Boston’s a patchwork of hundreds of tiny neighborhoods, each 4 blocks long and a fascinating microcosm of society.

The most famous neighborhoods are:

the Combat Zone (the red-light district), Chinatown (next to the Combat Zone), Haymarket (where Italians stand on the sidewalk to peddle fruits and meats), Hanover Street (where Italians beg you to come in their restaurants and pastry shops), Quincy Market (a paradise full of singles bars, hand-held foods, and lunchtime sunshine for secretaries), Newbury Street (where rich bitches buy uppity clothes, while the wish-we-were-rich gaze longingly from cafés), Bay Village (where gay men live in cute houses), the Fenway (the park for gay flowers and gay men), Northeastern University (where blue-collar students drag Africans, Iranians, and Venezuelans down to their level), Beacon Hill’s south side (where the richest Bostonians live), and Beacon Hill’s north side (whose slopes are as severe as San Francisco’s, with charming houses hopelessly subdivided into teensy apartments for students).

But those neighborhoods are just the obvious ones. Walk 4 blocks in any direction, and you’ll discover yet another neighborhood!

Moreover, in Boston, every single block has its own character — and its inhabitants are proud of it. Whenever a Bostonian reveals his address, he gives it with pride.

My own neighborhood I lived in Boston on Saint Botolph Street, which years ago became famous for its prostitutes. One of my elderly readers sent me a letter admitting that while a student back in the 1940’s, he flunked his freshman year at M.I.T. because he spent too much time on Saint Botolph Street.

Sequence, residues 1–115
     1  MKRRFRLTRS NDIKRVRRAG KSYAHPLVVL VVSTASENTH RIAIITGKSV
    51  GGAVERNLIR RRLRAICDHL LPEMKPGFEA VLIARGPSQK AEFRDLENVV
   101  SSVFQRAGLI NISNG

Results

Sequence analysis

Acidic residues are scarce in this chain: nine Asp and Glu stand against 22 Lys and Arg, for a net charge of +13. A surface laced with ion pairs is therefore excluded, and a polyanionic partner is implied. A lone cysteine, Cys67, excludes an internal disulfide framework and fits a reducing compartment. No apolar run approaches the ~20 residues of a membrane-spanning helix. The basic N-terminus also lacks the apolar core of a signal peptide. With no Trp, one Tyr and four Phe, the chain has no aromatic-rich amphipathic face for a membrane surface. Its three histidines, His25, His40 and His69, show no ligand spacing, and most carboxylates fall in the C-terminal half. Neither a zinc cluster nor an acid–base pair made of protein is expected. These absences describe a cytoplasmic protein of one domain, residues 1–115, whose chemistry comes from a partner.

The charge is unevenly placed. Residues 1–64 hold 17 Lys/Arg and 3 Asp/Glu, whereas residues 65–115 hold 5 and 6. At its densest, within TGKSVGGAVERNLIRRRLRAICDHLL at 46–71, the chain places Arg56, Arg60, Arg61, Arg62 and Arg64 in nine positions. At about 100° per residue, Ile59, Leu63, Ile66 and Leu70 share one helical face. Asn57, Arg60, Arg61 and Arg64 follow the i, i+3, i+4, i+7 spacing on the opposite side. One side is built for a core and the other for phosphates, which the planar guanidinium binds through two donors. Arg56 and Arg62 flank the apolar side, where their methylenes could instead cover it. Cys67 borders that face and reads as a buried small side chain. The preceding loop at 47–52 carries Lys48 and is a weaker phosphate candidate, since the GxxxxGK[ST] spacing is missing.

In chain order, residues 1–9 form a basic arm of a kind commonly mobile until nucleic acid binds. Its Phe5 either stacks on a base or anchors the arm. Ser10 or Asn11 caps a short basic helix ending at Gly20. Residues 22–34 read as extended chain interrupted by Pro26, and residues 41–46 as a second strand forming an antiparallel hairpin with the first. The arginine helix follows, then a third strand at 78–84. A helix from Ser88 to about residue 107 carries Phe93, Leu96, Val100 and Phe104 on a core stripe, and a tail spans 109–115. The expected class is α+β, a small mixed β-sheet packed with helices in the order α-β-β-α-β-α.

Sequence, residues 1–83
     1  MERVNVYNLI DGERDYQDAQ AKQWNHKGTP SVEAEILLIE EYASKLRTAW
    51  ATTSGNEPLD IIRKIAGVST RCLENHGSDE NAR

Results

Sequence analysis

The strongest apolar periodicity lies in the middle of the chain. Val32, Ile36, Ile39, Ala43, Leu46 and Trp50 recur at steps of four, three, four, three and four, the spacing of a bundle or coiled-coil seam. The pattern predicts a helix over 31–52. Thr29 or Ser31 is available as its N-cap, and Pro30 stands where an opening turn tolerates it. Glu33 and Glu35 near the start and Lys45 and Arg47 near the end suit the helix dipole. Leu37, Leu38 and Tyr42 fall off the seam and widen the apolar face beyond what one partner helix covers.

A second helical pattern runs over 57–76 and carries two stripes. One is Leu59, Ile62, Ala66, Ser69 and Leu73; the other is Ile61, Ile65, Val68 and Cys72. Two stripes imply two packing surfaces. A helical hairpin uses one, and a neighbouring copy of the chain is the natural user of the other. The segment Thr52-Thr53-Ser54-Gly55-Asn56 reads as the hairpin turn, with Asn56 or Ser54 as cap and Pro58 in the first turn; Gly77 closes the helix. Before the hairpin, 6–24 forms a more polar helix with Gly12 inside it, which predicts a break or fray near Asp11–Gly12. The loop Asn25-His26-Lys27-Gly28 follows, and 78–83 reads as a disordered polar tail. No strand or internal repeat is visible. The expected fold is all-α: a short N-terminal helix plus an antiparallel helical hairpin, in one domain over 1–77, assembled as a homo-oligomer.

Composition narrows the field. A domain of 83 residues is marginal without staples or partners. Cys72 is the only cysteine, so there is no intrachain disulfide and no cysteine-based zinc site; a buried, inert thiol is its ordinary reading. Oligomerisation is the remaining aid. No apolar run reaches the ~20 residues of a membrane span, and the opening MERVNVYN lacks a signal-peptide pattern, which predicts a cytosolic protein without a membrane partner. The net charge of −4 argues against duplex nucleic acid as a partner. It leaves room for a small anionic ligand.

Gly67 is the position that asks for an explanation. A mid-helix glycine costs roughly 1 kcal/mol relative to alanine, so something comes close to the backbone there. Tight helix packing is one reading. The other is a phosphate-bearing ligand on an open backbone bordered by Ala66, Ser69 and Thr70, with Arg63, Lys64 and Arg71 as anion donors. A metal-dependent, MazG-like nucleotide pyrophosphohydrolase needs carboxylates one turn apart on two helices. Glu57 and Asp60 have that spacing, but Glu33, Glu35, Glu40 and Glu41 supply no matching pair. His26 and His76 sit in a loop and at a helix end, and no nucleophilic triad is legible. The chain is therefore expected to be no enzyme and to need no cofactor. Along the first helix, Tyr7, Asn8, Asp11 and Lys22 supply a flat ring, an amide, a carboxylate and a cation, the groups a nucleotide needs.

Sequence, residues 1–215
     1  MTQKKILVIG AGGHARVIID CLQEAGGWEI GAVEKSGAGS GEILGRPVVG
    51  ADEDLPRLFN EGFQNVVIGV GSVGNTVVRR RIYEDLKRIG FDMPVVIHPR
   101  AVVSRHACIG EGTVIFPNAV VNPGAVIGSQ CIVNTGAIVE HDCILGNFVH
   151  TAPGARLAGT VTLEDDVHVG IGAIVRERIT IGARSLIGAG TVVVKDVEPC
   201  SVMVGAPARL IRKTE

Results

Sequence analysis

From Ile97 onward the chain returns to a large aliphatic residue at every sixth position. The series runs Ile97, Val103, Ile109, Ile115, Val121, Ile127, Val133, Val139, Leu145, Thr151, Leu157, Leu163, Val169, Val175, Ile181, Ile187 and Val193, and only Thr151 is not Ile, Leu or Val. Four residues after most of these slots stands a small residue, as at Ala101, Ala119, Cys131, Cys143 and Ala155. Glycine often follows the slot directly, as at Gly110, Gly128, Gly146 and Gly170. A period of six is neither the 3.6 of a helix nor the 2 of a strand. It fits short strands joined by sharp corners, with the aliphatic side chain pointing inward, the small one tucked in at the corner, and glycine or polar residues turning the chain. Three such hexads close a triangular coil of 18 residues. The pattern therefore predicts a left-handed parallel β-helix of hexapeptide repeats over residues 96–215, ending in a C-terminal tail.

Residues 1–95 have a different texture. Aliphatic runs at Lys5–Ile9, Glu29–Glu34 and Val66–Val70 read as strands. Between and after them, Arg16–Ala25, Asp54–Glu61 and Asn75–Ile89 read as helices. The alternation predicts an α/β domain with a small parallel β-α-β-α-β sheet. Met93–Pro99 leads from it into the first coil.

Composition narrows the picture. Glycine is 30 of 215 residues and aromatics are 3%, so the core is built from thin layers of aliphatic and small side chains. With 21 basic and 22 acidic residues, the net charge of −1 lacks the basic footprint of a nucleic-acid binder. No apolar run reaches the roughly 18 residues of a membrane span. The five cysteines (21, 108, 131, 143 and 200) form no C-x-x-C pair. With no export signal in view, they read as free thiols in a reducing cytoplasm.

The prostitutes eventually left Saint Botolph Street and moved to lusher pastures, but the street’s reputation lives on, and it’s attracted a strange bunch of folks — such as me!

My own neighbors My neighbors on Saint Botolph Street were lots of fun.

Down the hall from me was a pair of bedrooms whose occupants shared my kitchen and bath. That pair of bedrooms became home to many of Boston’s finest citizens:

“Mr. Neat” turned on the iron, rested it on the wood floor, then went off to work. (I guess he thought he was hot stuff — or am I just being ironic?)

“Mr. Drunk” came home every night at 3AM, turned on the oven, put his TV dinner into the oven, then flopped into bed with the oven still on — so each night I was awakened by a smoke cloud engulfing my building.

“Mr. Sportsman” put a dartboard on his door and threw darts at it, to discover how many times he’d miss the board. Then he complained to the landlady about how his door was full of holes.

“Mr. Clean” insisted on hanging his towel inside the bathtub, complained we got it wet, and retaliated by throwing water on everybody else’s towel every day.